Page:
Anyway. The trick with Emacs is to customize incrementally. Also, use customize-option as much as possible instead of editing your .emacs; too often people make you insert lines in your .emacs when already customization exists. Also, use the package manager (list-packages) that Emacs acquired recently instead of fetching from emacswiki or a github repo. It compiles automatically stuff, so it might help with startup times.

I switched to Emacs after being very impressed with nxml-mode. I found no better xml editor on Linux.

Emacs is great if there is a mode that's written for what you're doing--for instance, nxml-mode. I can imagine it's also great for C, for instance, because that mode is old and has seen lots of work. For lisp I'm sure Emacs is peerless.

Emacs is not so great if there's not a good mode for you. I grew frustrated trying to edit Haskell in Emacs; there are a bunch of half-baked modes out there. The problem is that without a good mode, even basic tasks like indentation are painful in Emacs, while Vim will indent anything well without a specific mode.

Often cited as Emacs' biggest advantages is how it integrates with other tools or, perhaps, how Emacs can become those tools. You can run your debugger in Emacs. You can read mail in Emacs. You can do version control in Emacs. The problem is that Emacs is never truly good at any of those other things. Running a shell in a buffer has problems. (You can run a shell inside a real terminal emulator in Emacs, but by that point you might as well just use a real terminal outside of Emacs.) Emacs is not a great mail reader. It's not great at doing version control and, what's more, it doesn't keep you from having to learn your underlying VCS, so now you have to know two ways to do things. Same goes for dired--it's a completely different way to manage files, but you still need to know how to use a real shell, so it just ends up being too much trouble to learn dired.

The thing is, when you strip out all the other stuff Emacs is supposedly good for--managing files, being a terminal, etc.--all you're left with is a middling editor with a good lisp interpreter. That other stuff is supposed to make Emacs great, but it all ends up being middling too.

So I have switched back to Vim. It excels at being an editor and doesn't try to do other stuff. In some ways Emacs is still better (for instance its support for multiple "frames" is something Vim can't get close to.) But with Vim I spend less time fiddling with the editor and more time editing text. If I ever need to do something for which there is an outstanding Emacs mode (edit XML, for instance) I will load up Emacs for that. But without a good mode Emacs is not worth it.

> I grew frustrated trying to edit Haskell in Emacs; there are a bunch of half-baked modes out there.

What's wrong with the normal haskell-mode? https://github.com/haskell/haskell-mode

(interestingly another commentator here claims that Emacs' Haskell indentation is superior to VIM's https://news.ycombinator.com/item?id=7111521)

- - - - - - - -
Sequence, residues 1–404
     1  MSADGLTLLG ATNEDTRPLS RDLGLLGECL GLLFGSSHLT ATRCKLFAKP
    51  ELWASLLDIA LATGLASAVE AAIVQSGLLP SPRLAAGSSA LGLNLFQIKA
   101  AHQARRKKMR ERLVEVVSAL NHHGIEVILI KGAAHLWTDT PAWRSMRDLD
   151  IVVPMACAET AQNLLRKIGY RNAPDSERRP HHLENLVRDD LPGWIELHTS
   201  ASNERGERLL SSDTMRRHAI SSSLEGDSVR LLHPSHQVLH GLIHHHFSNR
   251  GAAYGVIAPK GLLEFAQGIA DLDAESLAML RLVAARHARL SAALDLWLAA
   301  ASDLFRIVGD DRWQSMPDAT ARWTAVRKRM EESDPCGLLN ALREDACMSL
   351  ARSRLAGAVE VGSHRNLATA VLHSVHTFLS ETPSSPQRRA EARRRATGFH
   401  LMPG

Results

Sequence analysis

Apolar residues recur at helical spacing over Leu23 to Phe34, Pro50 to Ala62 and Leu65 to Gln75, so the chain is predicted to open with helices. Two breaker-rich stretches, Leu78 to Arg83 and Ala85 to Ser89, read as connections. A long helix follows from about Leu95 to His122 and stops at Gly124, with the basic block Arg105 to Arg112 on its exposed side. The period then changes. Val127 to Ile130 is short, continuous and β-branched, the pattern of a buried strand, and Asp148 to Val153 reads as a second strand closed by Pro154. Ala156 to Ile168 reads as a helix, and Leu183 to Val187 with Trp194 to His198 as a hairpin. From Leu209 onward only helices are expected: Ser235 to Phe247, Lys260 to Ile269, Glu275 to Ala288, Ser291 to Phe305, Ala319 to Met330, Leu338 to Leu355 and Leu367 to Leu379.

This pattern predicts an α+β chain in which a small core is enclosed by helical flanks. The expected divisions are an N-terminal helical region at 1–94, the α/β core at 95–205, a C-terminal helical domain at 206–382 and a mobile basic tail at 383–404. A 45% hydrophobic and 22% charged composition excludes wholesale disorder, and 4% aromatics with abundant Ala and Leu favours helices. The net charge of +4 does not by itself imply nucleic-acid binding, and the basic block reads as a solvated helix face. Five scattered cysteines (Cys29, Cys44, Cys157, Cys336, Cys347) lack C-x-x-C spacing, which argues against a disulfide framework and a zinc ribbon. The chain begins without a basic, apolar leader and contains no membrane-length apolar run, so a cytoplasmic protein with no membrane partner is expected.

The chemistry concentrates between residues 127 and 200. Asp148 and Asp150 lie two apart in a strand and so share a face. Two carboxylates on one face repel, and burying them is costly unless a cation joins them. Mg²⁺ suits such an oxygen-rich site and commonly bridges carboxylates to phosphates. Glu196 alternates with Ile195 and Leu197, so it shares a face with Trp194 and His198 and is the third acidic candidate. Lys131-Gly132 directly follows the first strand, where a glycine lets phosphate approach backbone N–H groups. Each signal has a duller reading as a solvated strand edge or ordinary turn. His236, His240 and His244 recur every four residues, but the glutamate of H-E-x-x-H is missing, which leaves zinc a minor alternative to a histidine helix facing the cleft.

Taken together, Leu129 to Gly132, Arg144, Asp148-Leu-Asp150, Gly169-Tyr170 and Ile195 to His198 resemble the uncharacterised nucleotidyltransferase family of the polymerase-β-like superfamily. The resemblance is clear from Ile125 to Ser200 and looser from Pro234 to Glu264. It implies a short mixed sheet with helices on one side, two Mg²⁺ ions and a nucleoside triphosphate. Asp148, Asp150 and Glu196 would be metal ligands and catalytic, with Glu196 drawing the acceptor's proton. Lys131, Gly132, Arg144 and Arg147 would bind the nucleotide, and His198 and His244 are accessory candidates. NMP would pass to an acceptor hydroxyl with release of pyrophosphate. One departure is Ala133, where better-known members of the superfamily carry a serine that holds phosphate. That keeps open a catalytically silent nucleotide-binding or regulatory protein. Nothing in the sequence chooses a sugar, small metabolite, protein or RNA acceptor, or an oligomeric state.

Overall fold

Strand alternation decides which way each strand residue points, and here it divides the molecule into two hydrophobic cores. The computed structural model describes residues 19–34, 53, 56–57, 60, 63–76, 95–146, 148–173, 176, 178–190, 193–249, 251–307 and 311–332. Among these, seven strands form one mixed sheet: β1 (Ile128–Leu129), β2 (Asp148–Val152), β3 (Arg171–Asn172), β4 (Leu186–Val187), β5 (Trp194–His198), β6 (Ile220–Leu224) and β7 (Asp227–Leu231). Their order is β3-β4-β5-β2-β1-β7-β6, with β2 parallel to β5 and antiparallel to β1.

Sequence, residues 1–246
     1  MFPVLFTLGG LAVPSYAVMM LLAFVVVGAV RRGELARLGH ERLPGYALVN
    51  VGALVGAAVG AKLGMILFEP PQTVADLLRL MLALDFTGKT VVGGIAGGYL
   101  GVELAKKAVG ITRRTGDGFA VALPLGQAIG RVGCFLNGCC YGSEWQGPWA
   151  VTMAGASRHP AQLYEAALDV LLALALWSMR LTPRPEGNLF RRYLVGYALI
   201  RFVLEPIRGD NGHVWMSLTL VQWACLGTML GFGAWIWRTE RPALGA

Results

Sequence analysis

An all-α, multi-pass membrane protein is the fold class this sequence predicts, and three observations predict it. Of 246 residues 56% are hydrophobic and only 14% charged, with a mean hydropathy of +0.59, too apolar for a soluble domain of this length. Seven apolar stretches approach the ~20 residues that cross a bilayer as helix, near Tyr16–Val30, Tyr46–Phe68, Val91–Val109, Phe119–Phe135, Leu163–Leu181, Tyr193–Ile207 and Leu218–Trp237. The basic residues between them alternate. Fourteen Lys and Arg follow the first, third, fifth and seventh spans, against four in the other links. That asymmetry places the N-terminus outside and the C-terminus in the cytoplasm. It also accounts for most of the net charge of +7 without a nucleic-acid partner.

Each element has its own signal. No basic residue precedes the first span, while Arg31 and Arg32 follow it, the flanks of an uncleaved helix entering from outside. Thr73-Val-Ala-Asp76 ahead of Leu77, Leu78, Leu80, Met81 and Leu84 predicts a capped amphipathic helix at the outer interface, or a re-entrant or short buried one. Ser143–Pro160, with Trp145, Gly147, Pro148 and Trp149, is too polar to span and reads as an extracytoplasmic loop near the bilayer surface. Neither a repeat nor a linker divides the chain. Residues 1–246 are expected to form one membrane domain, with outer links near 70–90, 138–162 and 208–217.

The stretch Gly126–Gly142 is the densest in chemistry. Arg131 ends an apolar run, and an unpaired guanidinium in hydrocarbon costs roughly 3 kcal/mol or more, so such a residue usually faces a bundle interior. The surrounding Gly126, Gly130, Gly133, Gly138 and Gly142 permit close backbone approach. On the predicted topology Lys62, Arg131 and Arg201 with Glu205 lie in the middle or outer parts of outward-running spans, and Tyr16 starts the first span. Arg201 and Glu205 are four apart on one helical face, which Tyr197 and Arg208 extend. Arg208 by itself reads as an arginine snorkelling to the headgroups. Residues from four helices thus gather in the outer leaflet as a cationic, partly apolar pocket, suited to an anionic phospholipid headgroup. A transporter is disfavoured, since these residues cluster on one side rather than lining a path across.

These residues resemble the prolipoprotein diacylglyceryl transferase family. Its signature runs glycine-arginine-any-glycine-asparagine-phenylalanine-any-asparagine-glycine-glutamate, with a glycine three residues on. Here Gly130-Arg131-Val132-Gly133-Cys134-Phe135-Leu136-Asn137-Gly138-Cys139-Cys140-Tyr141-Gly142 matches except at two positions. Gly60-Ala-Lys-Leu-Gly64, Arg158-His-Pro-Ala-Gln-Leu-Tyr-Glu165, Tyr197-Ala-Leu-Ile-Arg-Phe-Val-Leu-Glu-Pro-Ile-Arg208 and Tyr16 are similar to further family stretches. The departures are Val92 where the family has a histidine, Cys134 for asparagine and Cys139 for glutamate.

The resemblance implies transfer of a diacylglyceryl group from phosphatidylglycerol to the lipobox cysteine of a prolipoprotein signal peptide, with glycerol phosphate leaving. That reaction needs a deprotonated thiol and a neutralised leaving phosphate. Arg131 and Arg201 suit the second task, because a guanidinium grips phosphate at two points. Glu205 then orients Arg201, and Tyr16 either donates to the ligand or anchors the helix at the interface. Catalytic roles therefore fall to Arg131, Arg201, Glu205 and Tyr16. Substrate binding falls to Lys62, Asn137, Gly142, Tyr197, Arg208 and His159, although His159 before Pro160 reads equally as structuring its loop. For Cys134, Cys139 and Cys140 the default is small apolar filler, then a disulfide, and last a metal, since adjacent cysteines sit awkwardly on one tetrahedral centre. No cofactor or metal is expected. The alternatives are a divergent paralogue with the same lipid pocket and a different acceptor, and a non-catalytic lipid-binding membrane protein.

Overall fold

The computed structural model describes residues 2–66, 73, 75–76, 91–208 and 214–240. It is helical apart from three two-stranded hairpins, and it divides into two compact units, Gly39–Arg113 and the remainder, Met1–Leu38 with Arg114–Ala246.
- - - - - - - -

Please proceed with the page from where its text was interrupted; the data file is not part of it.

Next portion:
> It's not great at doing version control [...]

Have you tried magit? It's probably the best version control support I've ever seen in an editor.

> What's wrong with the normal haskell-mode?

The indentation doesn't work well. It gets the indentation right maybe 80% of the time, but missing it 20% of the time is a big deal when you have to deal with the "tab-cycle." I spent so much time fiddling with indentation that I turned off auto indentation...and Emacs without mode-based auto indentation is much worse than Vim with manual indentation.

I also had problems with inferior-haskell-mode. I could have tried to fix them but I was fed up with futzing with Emacs, especially when I can go to Vim and just use ghci in a terminal.

A response might be "but you can use ghci in a terminal and still use Emacs." Which is true, but then I'm using a not-so-great editor that's not fulfilling its promise of integrating other tools. What's the point?

> Have you tried magit?

Yep. I still need to know Git and its command-line interface. With magit I was spending time learning magit, but not getting functionality beyond what the Git command line offers. Not worth it.

It seemed to me I was spending time learning tools in order to justify my use of Emacs. That's backward, so I stopped. I could have kept using Emacs without the other baked-in Emacs tools...but then you're just left with an editor. In that case I will pick Vim since it's the better editor.

Did you try all three indentation modes?

It's a bit unfortunate that there have to be three separate indenters, but most people find that one of them is good enough.

Yep, tried all three, and looked at at least one mode that someone else is developing to see if it had better indentation. I don't remember the names of the three indenters being all that distinguishing, so I had to keep notes in my .emacs just to tell them apart.

One good indenter (maybe with options to select how to style your code) would be better than three. I remember reading a blog post about how hard it is to indent Haskell automatically. It breaks my chain of thought though to have something automatic that works only most of the time. It means I routinely have to stop to fiddle with the editor to make it indent correctly.